Social media challenges are wide-ranging. But why do young people take up challenges that pose a threat to health, well-being and, occasionally, their very lives? We identified four key factors that motivate young people to participate in a challenge: social pressure, the desire for attention, entertainment value and a phenomenon called the contagion effect.
Social pressure typically comes when a friend encourages another friend to do something, and the person believes they will achieve acceptance within a particular social group if they do it. Participation in challenges that promote a good cause, such as the ice bucket challenge, often resulted from direct encouragement.
Young adults who engaged in riskier challenges primarily wanted to feel included in a group that had already participated in such a challenge. This was true for the cinnamon challenge, where participants rapidly consumed cinnamon and sometimes experienced lung damage and infection.
A form of attention-seeking behavior exclusive to participants of the ice bucket challenge was a wish to be recognized for supporting a commendable cause.
However, the attention-seeking behavior we observed among teens and young adults often led to participants innovating a more hazardous version of a challenge.
For example, one participant in the cinnamon challenge swallowed powdered cinnamon for a period longer than their peers. “It was definitely peers, and like I said, you know, the attention,” they said. “Seeing other friends posting videos and who could do the challenge longer.”
Many young adults participated in these challenges for amusement and curiosity. Some were intrigued by the potential reactions from people who witnessed their performance.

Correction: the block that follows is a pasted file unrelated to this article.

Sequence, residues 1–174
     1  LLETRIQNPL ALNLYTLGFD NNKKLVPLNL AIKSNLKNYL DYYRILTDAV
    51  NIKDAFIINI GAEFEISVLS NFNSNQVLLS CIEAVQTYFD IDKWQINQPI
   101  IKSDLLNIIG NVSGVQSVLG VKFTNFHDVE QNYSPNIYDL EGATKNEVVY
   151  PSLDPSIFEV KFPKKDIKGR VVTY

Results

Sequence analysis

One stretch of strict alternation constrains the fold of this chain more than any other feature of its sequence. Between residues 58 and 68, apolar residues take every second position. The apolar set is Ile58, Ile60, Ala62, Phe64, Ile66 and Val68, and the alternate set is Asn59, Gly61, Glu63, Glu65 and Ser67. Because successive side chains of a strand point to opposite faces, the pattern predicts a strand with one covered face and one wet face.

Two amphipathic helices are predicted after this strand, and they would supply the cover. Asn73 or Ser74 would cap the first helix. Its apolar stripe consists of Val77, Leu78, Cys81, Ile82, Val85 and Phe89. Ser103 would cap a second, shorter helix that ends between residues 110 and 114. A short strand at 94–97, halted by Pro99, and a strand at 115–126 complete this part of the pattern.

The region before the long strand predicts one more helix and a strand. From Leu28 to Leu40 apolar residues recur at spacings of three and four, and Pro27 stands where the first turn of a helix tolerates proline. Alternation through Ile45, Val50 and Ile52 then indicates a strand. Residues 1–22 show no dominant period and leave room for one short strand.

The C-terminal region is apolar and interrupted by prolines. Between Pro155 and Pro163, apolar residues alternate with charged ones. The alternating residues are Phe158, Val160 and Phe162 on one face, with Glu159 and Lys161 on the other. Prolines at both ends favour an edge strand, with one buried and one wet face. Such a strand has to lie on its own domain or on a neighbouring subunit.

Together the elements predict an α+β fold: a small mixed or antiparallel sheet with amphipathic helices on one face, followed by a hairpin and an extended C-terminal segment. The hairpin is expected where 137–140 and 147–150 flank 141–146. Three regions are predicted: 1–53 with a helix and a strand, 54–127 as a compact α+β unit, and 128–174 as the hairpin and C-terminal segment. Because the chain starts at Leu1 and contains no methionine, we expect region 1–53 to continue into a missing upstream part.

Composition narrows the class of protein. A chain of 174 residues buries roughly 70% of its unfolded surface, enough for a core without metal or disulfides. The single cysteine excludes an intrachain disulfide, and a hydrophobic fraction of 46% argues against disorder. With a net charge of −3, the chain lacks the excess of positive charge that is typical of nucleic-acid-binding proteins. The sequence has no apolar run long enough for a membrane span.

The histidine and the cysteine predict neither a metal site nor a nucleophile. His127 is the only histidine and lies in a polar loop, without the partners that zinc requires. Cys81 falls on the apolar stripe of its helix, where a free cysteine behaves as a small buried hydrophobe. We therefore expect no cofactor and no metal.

“It seemed like fun, and I personally liked the artist who sings the song,” said one participant about the Kiki challenge. The challenge involves dancing next to a moving car after stepping out of it to Drake’s song “In My Feelings.”
A Florida man got hit by another car while attempting the Kiki challenge.
Challenges, even those that are seemingly benign, can spread quickly across social media. This is due to the contagion effect, where behaviors, attitudes and ideas spread from person to person.
After analyzing digital media content related to the blue whale challenge, we found YouTube videos about this challenge often violated the Suicide Prevention Resource Center’s nine messaging guidelines. Half of those who engaged in a risky challenge indicated that if they had understood the physical danger or potential risk to their social image, they might have opted not to do the challenge.
-The authors: Kapil Chalil Madathil, a Wilfred P. Tiencken Professor of Industrial and Civil Engineering, and Heidi Zinzow, Professor of Psychology, Clemson University. This article was first published in The Conversation.